The Internet exploded this week with the revelation that researchers from the University of Massachusetts had debunked the widely-accepted thesis from Harvard professors Carmen Reinhart and Kenneth Rogoff that a country’s economic growth could be pegged to the size of its government debt and that an economy would start to go off a cliff when a country’s debt-to-GDP ratio rose above 90 per cent.
The Massachusetts economists, Thomas Herndon, Michael Ash, and Robert Pollin, crunched data given to them by Reinhart and Rogoff for 20 countries and years from 1946 to 2010 and found that the economists had made a number of calculation errors, namely excluding several years when some countries had both high debt and high growth in GDP (mostly in the years after the Second World War.)
They also found that five of the 20 countries cited in the study had accidentally been dropped from the analysis because of a “spreadsheet error” that essentially involved Reinhart and Rogoff skipping the first five countries of the alphabet.
Correcting for the mistakes, the Massachusetts researchers found that annual GDP growth was, on average, 2.2 per cent for countries with debt-to-GDP ratios above 90 per cent. That is in stark contrast to Reinhart and Rogoff’s findings that GDP would instead fall by -0.1 per cent.
Reinhart and Rogoff are now being skewered by their critics, particularly because politicians (including our own) have repeatedly cited the 90-per-cent threshold when justifying austerity budgets and the mistakes open up the possibility that maybe deep cuts aren’t needed to kick start an economy after all. (“How Much Unemployment did Reinhart and Rogoff’s arithmetic mistake cause,” is how The Guardian newspaper put it.) Reinhart and Rogoff have apologized for the errors, but insist they don’t alter their central conclusions that more debt is bad for the economy.
More important for Canadians is the fact that Canada was one of the countries omitted from Reinhart and Rogoff’s analysis, thanks to being pretty high up in the alphabet. (The others were Australia, Austria, Belgium, and Denmark)
In fact, while the Massachusetts economists found that some countries (namely the U.S.) fit Reinhart and Rogoff’s model quite nicely, Canada doesn’t. Their analysis of 64 years of Canadian economic data suggests a fairly weak link between debt levels and GDP growth in this country. If anything, Canada’s economy actually grew with higher levels of public debt. It slowed when debt topped 90 per cent of GDP, but average growth in those years was still 3 per cent of GDP a year, well above the 2.2 average for the 20 countries in the study.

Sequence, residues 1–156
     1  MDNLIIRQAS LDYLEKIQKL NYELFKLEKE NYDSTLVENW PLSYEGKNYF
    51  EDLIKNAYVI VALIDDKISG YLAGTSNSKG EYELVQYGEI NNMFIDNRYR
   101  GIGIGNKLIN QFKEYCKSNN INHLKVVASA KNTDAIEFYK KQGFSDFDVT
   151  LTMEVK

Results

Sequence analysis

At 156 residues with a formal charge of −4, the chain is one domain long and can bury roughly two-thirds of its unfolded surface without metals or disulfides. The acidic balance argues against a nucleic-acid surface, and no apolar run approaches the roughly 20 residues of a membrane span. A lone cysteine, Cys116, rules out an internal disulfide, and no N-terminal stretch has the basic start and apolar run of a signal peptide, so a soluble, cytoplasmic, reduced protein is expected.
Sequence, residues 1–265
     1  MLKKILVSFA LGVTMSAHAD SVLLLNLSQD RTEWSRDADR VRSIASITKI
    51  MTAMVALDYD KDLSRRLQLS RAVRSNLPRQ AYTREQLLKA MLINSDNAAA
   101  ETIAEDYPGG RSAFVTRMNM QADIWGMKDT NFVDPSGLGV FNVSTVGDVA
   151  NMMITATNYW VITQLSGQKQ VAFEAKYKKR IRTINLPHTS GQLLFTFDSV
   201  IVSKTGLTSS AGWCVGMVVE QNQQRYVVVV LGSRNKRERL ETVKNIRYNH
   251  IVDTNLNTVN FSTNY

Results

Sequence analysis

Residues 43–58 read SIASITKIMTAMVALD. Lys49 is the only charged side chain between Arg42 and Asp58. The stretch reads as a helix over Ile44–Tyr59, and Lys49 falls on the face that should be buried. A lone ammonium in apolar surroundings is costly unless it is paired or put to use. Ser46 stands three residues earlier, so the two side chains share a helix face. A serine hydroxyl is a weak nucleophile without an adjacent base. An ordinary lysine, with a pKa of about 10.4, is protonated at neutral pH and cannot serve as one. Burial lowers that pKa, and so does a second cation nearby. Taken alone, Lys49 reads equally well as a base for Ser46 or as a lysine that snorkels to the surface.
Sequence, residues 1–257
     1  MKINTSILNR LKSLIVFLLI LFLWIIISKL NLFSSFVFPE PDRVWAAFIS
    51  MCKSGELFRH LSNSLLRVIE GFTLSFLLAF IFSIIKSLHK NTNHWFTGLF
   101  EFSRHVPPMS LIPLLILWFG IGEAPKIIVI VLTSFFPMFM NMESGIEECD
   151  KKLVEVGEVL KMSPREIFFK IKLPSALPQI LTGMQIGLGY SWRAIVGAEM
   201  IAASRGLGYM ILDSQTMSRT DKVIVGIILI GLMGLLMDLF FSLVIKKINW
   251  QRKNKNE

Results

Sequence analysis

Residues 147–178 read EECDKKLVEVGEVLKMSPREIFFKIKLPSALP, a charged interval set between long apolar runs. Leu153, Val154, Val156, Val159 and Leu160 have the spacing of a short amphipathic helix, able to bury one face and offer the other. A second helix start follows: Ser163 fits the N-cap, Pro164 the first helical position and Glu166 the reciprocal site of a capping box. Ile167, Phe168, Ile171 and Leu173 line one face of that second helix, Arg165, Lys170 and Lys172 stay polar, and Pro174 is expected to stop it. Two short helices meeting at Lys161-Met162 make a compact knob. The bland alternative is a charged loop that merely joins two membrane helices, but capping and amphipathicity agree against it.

Here is how the Massachusetts researchers calculated the relationship between debt and GDP growth in Canada and other countries that didn’t fit the Reinhart-Rogoff model:
Canada’s “sweet spot” for public debt, according to the Massachusetts analysis, is somewhere between 60 and 90 per cent of GDP, which is precisely where Canada stands today (granted, at the high end of that range, at around 86 per cent). Even so, they found that between 1946 and 2010, Canada had 45 years where the public debt was low, but GDP growth was below optimum levels, which raises the question of whether Canada’s debt was for many years too low.
This analysis is worth considering given the federal government’s austerity plans and the IMF’s recent warning that the government shouldn’t scrimp and save its way into a recession. The Massachusetts economists concluded that Reinhart and Rogoff’s analysis presents “a false image that high public debt ratios inevitably entail sharp declines in GDP growth,” which should prompt countries to reassess their austerity agendas.
Then again, Parliamentary Budget Officer Kevin Page has consistently warned that the federal government’s debt calculations need to take into account rising levels of provincial debt and that even if the federal government slashed its budget back into surplus, provincial debt could swallow up 200 per cent of GDP by 2080.
While the Massachusetts analysis has poked holes in the previously unassailable relationship between debt and economic growth, even the fiercest austerity critics would acknowledge that there’s probably some threshold where too much government debt becomes a bad thing and that it’s most likely somewhere between Reinhart-Rogoff’s 90 per cent and Kevin Page’s 200 per cent projections.